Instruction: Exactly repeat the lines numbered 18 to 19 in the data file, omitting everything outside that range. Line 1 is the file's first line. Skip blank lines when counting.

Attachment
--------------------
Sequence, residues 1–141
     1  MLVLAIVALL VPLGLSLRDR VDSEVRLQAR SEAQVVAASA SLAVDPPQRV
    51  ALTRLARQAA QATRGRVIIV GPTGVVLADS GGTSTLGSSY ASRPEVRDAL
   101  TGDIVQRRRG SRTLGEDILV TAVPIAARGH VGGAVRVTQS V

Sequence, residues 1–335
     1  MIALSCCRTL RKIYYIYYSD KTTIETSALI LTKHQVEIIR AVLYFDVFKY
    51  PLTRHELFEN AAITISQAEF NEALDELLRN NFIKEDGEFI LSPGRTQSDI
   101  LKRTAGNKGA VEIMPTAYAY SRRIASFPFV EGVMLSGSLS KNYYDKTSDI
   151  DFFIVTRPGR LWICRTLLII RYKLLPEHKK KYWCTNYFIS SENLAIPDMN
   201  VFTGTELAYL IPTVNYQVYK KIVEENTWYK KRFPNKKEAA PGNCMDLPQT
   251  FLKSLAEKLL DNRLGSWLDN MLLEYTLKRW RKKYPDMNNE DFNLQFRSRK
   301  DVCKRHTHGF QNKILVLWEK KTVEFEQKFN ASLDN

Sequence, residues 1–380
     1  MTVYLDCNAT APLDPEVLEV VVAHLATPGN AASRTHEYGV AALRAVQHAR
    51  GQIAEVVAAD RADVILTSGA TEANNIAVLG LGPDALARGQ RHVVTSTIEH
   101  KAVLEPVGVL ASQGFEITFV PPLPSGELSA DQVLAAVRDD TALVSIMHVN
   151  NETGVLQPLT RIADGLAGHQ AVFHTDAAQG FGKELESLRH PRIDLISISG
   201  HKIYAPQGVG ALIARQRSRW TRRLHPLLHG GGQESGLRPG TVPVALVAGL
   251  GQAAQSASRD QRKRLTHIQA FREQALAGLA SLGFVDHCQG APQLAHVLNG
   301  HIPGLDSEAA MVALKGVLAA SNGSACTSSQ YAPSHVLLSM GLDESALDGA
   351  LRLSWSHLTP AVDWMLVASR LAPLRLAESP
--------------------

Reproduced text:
   201  HKIYAPQGVG ALIARQRSRW TRRLHPLLHG GGQESGLRPG TVPVALVAGL
   251  GQAAQSASRD QRKRLTHIQA FREQALAGLA SLGFVDHCQG APQLAHVLNG